They spent the first eighteen months after their arrival in Tooele, where he conducted the ward choir. Moving to Salt Lake City, they settled in the Nineteenth Ward, where he led the choir and conducted the singing for Sunday School. As was the custom, the choir leader made copies of the music until the Church authorities "called" the Juvenile Instructor to print the music for choir conductors. Beesley organized and prepared the music for the printer.
This young musician extended his talents by studying the violin under Professor Charles J. Thomas. He later devoted his efforts to learning harmony and taking advanced violin training under Professor George Careless. He joined the Salt Lake Theater orchestra where he performed for many years. Mr. Beesley was instrumental in compiling his own hymns and anthems as well as those of contemporary composers. He supervised the compiling and publishing of the Deseret Sunday School Songbook and the Latter-day Saint Psalmody, aided by Professors George Careless, Joseph J. Daynes, Evan Stephens and Thomas C. Griggs.
Beesley became the Tabernacle Choir's 7th conductor in 1880, and held that position for 9 years.
After retiring from the Tabernacle choir, Brother Beesley, by invitation of Bishop Thomas Atkins, of Tooele city, moved again to that quiet little town for the purpose of training the choir and teaching music. He remained there four and a half years, then removed to Lehi, Utah county, where he followed the same line of work for two years. Both the Lehi and Tooele choirs performed in the Tabernacle in 1898 where they received first (Tooele) and second prizes at the Eisteddfod competition. He was presented with a gold medal on that occasion.
Beesley established the Beesley Music Company and was captain of the martial band of the second regiment of the Nauvoo Legion.
                        Violin
Ebenezer played the violin, viola, cello, and fife. Music written by Professor Beesley and published in the LDS hymnbooks includes "High on the Mountain Top," words by Joel H. Johnson; "School Thy Feelings, O My Brother," words by Charles W. Penrose; "Kind Words Are Sweet Tones of the Heart," and "Reverently and Meekly Now," words by James L. Townsend; "Let Us Oft Speak Kind Words to Each Other," "Welcome, Welcome, Sabbath Morning," "Sing We Now at Parting," "Tis Sweet to Sing the Matchless Love," "God of Our Fathers, We Come Unto Thee," and "Lord, We Ask Thee Ere We Part." Authors included Eliza R. Snow, Tullidge, W. W. Phelps, William Clayton, Charles W. Penrose and others At least one hundred songs were written to the beautiful music composed by this fine musician.
Professor Ebenezer Beesley died in Salt Lake City March 21, 1906. Many of his descendants have also become noted musicians.

SARA BEESLEY (1840 - 29 May 1921), J-18-10-3-ES2
Four persons were assigned to each handcart carrying 200 pounds of flour. Mr. Beesley carried his violin and the Saints gathered at night around the fire to sing and listen. Finally, they got so hungry there were no more good times].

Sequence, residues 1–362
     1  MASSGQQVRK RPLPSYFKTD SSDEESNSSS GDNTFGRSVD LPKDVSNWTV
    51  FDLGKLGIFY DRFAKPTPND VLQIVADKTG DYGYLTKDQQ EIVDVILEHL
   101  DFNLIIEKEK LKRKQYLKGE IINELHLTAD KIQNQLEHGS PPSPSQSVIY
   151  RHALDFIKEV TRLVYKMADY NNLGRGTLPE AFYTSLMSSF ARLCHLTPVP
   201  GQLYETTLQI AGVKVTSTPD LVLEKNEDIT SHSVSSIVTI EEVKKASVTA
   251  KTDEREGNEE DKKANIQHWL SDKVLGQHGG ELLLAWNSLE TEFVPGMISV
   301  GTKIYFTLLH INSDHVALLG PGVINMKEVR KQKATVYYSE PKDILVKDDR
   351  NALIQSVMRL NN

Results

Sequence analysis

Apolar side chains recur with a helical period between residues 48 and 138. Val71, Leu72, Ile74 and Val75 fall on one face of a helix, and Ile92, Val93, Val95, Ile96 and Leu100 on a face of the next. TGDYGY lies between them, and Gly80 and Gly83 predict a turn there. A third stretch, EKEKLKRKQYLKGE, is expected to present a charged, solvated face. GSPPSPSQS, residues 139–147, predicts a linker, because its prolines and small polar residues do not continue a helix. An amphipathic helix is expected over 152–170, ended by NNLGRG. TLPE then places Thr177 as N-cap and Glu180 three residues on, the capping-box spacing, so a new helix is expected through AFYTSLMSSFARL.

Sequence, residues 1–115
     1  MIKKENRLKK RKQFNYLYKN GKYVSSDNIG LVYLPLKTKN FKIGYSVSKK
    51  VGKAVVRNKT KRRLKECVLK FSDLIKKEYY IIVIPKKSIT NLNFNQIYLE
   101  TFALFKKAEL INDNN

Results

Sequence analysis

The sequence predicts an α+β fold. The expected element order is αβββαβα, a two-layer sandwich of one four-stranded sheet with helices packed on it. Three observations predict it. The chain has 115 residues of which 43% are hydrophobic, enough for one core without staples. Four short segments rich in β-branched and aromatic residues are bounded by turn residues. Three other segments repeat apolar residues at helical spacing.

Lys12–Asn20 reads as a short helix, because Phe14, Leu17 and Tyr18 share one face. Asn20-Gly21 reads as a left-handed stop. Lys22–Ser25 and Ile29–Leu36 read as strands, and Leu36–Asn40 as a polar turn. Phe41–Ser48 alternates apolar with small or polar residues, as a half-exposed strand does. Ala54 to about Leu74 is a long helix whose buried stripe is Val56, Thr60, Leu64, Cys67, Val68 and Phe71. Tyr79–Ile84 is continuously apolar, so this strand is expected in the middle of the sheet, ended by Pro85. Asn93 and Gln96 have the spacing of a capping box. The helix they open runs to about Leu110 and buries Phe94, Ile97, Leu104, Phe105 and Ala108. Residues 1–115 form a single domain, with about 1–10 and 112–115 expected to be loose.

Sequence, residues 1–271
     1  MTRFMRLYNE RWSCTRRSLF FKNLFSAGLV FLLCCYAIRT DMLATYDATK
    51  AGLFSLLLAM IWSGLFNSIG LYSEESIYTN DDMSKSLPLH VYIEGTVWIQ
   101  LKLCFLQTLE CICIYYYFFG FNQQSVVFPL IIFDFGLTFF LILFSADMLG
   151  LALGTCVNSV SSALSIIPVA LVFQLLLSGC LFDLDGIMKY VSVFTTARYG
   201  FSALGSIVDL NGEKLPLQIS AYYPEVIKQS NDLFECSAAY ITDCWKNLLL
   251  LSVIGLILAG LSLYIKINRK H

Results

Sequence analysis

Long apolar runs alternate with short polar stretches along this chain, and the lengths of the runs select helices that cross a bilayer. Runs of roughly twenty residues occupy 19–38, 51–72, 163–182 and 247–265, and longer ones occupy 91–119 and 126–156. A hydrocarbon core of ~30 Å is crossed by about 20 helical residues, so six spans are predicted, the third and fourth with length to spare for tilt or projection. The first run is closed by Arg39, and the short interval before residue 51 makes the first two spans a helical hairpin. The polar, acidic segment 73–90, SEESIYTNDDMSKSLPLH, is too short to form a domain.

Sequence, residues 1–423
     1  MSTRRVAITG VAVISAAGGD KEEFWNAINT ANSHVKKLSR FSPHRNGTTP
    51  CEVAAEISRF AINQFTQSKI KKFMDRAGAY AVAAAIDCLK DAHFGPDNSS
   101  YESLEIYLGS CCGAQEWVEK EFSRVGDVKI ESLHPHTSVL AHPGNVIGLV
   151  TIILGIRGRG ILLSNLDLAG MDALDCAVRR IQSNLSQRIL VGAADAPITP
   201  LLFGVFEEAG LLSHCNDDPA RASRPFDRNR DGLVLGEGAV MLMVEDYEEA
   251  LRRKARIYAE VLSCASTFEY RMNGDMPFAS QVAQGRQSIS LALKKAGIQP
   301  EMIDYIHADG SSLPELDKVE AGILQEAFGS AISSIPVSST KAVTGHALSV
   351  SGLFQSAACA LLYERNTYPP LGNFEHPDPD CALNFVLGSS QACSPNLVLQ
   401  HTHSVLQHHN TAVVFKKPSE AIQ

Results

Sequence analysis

They tried sleeping in the tents, but everyone was in each other's way. Instead, they slept on the ground within the encircling handcarts with someone guarding the night. It if rained, they slept under the handcarts. It was never cold enough to be a problem, but the summer was hot and they suffered from heat, wind and dust.
The handcarts were made with handle bars, front and back, and high wheels. The wheels were to be used later in the valley for wagons. Sand was often to the hubs, and in water, the carts often washed down-stream.
In order to cross the Platte the first time, ten or twelve locked arms and waded in formation like a cordon across the current. The flour was carried by the men on their shoulders. Along the way when an ox was worn out and killed, the people would sit up all night watching for a piece of meat they could have.
Sarah picked as many wild rose berries (shaped like a pear only smaller) as she could and ate them. They were soft and fluffy inside and had a sour taste, but they could be chewed for a long time.
They said that every man ate a peck of dirt before he died and she felt she ate hers all behind the handcarts. They were literally on the point of starvation before they reached Green River. At Green River they met some rough mountaineers who took pity on them and invited them to breakfast which all attended who could. The squaws cooked the breakfast and fed them whiskey and milk in gourds and bread or cake cooked in kettles over a fire. One Scots girl stayed with them because a mountaineer offered her a home; her legs were in such condition she could not travel. There was no real trouble with Indians and the Indians saved their lives with food at various times.
A company from Salt Lake met them at the Green River which saved their lives. When they reached Emigration Canyon, they were met by the band and escorted into the city. After entering the city, they went down to the High School Square where they dropped their luggage and the handcarts were wheeled away.